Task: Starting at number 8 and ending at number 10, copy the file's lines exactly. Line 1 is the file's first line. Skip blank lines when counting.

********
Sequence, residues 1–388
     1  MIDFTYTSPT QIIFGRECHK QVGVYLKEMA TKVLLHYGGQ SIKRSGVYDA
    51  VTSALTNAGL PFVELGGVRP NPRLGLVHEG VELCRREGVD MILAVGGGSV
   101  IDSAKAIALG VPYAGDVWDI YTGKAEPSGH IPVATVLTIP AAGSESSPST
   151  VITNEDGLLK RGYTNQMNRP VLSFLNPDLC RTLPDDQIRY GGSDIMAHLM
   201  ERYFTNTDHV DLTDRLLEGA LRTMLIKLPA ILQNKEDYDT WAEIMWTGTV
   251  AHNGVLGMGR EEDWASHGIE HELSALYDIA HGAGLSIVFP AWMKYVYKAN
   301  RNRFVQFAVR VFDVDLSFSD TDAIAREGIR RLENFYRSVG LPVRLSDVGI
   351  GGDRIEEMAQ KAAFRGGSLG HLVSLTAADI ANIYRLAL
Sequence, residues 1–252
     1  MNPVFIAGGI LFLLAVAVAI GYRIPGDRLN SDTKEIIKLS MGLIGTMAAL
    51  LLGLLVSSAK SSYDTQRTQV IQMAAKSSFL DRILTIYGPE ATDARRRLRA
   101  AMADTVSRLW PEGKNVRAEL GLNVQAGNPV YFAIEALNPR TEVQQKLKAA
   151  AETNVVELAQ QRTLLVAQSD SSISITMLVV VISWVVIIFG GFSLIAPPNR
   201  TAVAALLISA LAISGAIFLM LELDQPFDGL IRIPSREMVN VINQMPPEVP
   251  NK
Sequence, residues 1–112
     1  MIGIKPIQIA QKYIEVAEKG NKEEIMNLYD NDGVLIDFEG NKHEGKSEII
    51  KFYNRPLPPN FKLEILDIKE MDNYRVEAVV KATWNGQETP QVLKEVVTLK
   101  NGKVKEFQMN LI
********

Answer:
   301  RNRFVQFAVR VFDVDLSFSD TDAIAREGIR RLENFYRSVG LPVRLSDVGI
   351  GGDRIEEMAQ KAAFRGGSLG HLVSLTAADI ANIYRLAL
Sequence, residues 1–252